It was 21 years ago. I was on a commuter flight from Philadelphia to Pittsburgh. The woman next to me and I struck up a conversation. She asked if I was returning to school. She could tell I was college student. I explained I was visiting my boyfriend and that I had taken time off school because my older brother passed away four months earlier. She asked me how he passed. I don't know why I told her it was suicide, but I did. Probably because I was in such an immense amount of pain and grief. She said, "I'm so sorry. I lost my sister to suicide 17 years ago." She offered me a ride to my boyfriend's campus. She happened to be going to the neighborhood just past it. I accepted, maybe unwise for an 18-year-old girl to get in the car of a stranger. But in that 20 minute ride, I got to ask her all the questions I needed to ask someone 17 years down the line from where I was. The thing I remember the most is she told me that the pain would subside and I would be OK. I got out of the car in tears saying, "Thank you for the talk — I mean the ride." I will never forget that act of kindness. It helped save my own life. ―Abigail Seligsohn, Philadelphia
"They were only a $20 pair of shoes, but it meant a lot to a broke college kid ..."
I was 20, and I had just been hired at my first job while I was in school and in a new city. The uniform required black dress shoes, so I was at Payless struggling to find shoes that would be comfortable enough to stand in all day but also close enough to fashionable. I'm normally too introverted to do so, but I turned to a woman shopping next to me and asked her opinion on two pairs of shoes. She could probably tell that I was stressing too much about the shoes, and I told her it was my first job here. So she picked a pair and told me that the shoes were her treat. They were only a $20 pair of shoes, but it meant a lot to a broke college kid. I think about that woman sometimes and hope that she's doing well. ―Lauren Blake, Chicago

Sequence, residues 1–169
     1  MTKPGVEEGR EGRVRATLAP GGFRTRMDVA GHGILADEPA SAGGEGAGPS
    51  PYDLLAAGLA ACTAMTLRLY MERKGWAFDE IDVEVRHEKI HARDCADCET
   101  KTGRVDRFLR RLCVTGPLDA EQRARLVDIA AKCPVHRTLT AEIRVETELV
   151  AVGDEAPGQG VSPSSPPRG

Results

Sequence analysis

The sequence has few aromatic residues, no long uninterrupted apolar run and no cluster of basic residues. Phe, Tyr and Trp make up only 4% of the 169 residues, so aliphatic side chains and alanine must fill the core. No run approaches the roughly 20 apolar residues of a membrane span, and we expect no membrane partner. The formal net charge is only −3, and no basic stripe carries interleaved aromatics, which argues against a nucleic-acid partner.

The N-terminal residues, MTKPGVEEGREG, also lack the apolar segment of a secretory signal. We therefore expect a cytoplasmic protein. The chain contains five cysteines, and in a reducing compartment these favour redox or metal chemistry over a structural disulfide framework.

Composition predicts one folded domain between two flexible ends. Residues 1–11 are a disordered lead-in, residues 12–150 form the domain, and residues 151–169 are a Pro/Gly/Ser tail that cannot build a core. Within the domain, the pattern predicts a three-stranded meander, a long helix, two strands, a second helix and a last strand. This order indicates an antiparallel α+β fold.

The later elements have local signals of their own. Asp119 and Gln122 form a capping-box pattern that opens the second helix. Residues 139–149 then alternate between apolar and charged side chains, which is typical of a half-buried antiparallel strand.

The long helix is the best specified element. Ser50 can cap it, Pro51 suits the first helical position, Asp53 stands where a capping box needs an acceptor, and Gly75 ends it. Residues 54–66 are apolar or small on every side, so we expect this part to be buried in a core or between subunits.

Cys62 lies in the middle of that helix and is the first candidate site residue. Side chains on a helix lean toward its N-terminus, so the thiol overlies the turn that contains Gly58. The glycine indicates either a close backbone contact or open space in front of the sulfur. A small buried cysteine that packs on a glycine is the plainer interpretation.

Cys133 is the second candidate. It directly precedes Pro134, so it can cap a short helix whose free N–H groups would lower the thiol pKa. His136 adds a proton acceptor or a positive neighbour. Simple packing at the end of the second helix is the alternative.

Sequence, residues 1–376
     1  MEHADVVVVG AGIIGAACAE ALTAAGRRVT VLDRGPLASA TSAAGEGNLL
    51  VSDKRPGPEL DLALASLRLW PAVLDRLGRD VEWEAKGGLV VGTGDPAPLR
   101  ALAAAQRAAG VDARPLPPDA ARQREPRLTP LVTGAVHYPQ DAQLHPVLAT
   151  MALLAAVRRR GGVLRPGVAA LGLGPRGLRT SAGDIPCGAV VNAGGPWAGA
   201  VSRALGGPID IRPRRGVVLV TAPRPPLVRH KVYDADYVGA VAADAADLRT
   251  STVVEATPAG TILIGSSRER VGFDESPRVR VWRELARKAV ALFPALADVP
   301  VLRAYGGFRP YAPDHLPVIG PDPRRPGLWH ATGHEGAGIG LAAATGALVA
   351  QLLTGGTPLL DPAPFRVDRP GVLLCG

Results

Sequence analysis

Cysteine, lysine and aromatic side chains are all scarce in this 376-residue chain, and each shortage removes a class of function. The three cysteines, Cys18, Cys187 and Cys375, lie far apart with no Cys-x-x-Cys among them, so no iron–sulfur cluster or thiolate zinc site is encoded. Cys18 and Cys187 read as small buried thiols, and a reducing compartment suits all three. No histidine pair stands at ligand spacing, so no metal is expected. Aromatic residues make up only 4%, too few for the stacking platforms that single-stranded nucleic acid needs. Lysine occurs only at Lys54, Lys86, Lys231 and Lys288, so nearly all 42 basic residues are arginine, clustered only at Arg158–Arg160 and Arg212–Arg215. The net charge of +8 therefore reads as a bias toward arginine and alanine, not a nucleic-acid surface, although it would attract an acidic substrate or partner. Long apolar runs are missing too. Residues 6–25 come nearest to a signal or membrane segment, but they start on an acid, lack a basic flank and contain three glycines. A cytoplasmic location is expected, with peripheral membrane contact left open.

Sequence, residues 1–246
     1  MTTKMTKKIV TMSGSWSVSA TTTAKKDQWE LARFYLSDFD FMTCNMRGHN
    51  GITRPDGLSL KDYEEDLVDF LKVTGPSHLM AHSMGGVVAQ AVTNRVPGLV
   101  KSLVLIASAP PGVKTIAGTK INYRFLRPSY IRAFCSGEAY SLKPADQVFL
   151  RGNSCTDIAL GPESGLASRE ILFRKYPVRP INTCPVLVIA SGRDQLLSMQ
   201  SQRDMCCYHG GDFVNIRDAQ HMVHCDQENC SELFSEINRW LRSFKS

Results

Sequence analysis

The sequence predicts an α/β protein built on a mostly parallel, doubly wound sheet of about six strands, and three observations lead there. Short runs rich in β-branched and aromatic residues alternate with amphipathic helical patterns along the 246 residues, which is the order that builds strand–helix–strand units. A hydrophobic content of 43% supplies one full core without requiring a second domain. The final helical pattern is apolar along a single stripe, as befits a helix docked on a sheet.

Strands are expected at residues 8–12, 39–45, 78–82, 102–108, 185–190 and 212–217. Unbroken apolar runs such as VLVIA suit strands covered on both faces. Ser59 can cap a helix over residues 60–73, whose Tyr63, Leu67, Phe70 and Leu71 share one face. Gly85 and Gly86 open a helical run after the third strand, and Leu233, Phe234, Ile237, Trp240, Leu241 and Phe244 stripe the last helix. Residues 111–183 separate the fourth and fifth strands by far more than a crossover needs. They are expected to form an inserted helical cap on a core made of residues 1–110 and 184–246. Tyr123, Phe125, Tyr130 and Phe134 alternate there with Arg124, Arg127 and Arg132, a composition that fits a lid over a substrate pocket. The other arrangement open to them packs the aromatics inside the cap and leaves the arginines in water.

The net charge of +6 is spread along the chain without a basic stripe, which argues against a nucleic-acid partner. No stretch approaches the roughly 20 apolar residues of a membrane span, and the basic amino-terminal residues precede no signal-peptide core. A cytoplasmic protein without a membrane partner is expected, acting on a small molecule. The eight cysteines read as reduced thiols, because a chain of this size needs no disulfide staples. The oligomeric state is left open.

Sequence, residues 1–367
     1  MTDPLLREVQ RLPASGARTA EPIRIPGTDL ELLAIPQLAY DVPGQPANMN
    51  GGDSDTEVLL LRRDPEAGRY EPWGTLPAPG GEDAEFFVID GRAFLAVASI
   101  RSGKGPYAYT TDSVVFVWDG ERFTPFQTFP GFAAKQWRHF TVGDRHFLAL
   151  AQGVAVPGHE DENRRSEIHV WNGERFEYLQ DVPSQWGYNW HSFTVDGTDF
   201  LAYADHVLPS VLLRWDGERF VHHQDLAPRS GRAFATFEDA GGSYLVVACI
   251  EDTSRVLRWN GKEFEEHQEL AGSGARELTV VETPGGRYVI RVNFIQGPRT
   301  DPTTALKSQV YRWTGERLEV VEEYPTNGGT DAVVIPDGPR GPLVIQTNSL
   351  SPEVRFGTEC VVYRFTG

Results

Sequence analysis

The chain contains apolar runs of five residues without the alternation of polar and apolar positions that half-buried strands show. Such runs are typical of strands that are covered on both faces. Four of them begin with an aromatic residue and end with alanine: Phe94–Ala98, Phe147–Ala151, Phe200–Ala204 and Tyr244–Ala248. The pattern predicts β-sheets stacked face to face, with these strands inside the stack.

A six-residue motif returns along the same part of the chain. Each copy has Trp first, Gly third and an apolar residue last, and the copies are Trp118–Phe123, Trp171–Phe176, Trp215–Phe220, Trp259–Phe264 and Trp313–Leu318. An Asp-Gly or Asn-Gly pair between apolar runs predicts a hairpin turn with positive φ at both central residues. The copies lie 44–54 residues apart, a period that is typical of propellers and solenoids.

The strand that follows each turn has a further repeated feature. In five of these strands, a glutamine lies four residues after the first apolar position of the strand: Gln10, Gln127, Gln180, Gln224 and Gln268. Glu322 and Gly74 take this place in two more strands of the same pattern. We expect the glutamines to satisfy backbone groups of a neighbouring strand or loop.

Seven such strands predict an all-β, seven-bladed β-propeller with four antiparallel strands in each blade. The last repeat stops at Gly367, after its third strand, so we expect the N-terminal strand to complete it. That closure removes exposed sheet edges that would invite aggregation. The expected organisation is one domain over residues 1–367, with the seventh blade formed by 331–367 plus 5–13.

"Soiling his clothes, working on a hot September Sunday afternoon, this man saved a college coed from disaster ..."
I was halfway across Indiana headed home to Kentucky, in the era of pay phones and landlines, when my car died. I managed to navigate to a gas station on an anonymous off-ramp, but it was Sunday in the early fall, and there was no mechanic on duty. I was working my way through nursing school at university and had little money for maintaining the car. I sat alongside my car for a couple of hours trying to beat the heat and silently bemoaning my bad luck when an older gentleman stopped to fuel his car. He asked about my car, and I explained my predicament. To my stunned surprise, the gentleman told me that he had a daughter my age, opened his trunk and pulled out a tool set. Right then and there, this total stranger did a tune-up on my car, explaining as he worked that my spark plugs hadn't been changed in so long that they had closed up and were unable to spark. After about an hour and a half, he slammed the hood closed and pronounced my car safe to finish the trip. Kindness ― and my personal miracle ― came at the hands of a stranger. Soiling his clothes, working on a hot September Sunday afternoon, this man saved a college coed from disaster, simply because she could have been his daughter. ―Valary Johnson, Greenwood, Indiana
"It has been 35 years since that day, but I still remember how her kindness brightened our day and lightened our load ..."
As young married college students many years ago trying to juggle tuition, books, rent and the cost of caring for a new baby, our funds were severely limited. That meant luxuries like ice cream were few and far between, and most often funded by the tediously slow accumulation of spare change dropped into jars or fished out of couch cushions. One day we found ourselves with just enough pennies, nickels and dimes to pay for a small carton of deliciousness. Because the opportunity presented itself so rarely, selecting just the right flavor was a huge decision. As we debated the merits of one flavor over another, an older woman struck up a conversation. She said that she regularly bought several cartons at a time to share with neighborhood children, who would often stop by her home to visit and play in the yard. After picking out her selections, she left. We eventually made our own decision, and headed toward the register, where we discovered that the woman we spoke to had quietly paid for our treat. It has been 35 years, but I still remember how her kindness brightened our day and lightened our load. ―Kathleen Tuck, Provo, Utah